My new year's resolution for 2021 is to teach as many people git as possible.
I'd like to teach git. By building a game that someone can play, and in playing it, learn about git and git hosts like GitHub. This will be a major side project of mine in 2021.
Working title for this project is "LGTM", and I'm also going to be "Building in Public". Hopefully it's education, and also helps motivate me to continue.
- Git and version control in general is an integral part of a software developer's workflow. You start your day with it, you end your day with it, you use it to collaborate with others. It's probably the biggest skill/tool needed outside the act of programming itself for any programming job.
- Git tutorials are often hard and very dry to learn. I've taken them myself, and particularly for new programmers, the examples are somewhat abstract and hard to relate to.
- A personal reason: I've been interested in making games for a while, in particular games with narrative. I've dabbled in gamedev, and produced a few games, and have found my strengths and weaknesses - I'm no good at producing fun gameplay, but my technical execution is ok.
Through doing it. I want to teach people git through making people use git. I don't want to give abstract examples, and expect people to just get what they're doing and why, instead, I'd like to present easy to understand scenarios while teaching git so that people understand why they're doing it.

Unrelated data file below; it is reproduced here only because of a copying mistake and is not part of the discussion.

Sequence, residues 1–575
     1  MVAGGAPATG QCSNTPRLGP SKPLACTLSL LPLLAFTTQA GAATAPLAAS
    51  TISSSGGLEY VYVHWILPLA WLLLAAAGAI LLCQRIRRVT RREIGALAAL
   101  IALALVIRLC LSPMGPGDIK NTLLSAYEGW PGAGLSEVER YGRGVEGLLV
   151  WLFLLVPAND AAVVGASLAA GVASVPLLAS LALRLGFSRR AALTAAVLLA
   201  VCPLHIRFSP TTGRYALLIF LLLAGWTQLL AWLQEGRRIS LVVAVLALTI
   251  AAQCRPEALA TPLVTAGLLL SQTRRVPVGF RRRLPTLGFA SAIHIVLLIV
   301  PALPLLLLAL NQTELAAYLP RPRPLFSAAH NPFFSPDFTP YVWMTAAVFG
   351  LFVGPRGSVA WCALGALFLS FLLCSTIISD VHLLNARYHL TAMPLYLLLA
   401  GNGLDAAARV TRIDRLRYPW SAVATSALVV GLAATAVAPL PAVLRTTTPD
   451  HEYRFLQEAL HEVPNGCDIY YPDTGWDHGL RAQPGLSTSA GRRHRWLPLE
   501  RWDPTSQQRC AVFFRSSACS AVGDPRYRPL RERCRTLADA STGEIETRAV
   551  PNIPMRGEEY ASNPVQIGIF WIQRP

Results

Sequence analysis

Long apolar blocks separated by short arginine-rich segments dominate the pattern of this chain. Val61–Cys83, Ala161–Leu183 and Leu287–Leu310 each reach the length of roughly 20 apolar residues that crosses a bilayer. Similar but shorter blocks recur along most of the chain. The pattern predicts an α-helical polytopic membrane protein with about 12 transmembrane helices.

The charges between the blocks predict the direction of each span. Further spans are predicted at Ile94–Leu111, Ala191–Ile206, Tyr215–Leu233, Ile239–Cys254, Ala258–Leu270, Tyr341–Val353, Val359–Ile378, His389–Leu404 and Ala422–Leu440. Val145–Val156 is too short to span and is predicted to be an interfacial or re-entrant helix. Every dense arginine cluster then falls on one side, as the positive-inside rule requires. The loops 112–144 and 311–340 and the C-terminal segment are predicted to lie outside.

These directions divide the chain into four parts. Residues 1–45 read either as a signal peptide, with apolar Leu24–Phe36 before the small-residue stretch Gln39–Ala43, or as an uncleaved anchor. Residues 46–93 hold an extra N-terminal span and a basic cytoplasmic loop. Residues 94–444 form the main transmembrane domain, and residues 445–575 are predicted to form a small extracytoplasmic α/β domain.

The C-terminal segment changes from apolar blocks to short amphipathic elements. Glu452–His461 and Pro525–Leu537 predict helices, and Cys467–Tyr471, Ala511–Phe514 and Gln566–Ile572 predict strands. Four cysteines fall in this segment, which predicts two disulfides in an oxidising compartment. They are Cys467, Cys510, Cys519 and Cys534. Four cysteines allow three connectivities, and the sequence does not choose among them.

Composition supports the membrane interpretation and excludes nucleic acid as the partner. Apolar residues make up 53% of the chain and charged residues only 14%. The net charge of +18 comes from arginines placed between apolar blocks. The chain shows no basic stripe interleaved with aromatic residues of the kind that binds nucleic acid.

Because I'd like it to be narrative-based, so that people feel a narrative connection with the task, it is effectively going to be an interactive game, played out through using git. I'm not 100% sure how it will be presented, but I like the idea that the primary interface will be git rather than a game. What better way to focus on teaching git than for all interactions to be through it.
Naturally, a lot of the focus will also be on a git host like GitHub. Even though a git host's features are not really part of git itself, like Pull Requests, I think these things are integral to the act of using source control, that they should be covered, even though it would mean tying the game strongly with a git host. I'll be using GitHub due to it's popularity.
I'm starting now (ass-end of December), and I'm giving me a year to do it. I might fail - a large proportion of my projects do. But I'd like to see how far I can go with the little time I have with my other work.